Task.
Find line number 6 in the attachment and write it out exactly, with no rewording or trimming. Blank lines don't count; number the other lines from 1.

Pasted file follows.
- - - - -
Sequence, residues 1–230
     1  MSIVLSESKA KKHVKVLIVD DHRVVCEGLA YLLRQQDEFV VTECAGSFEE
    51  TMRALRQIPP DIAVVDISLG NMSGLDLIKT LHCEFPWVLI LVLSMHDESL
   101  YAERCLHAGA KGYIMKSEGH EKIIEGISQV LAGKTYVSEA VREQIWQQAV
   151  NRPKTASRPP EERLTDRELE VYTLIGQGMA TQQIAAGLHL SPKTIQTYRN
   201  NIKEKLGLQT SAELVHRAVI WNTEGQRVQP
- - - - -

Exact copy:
   201  NIKEKLGLQT SAELVHRAVI WNTEGQRVQP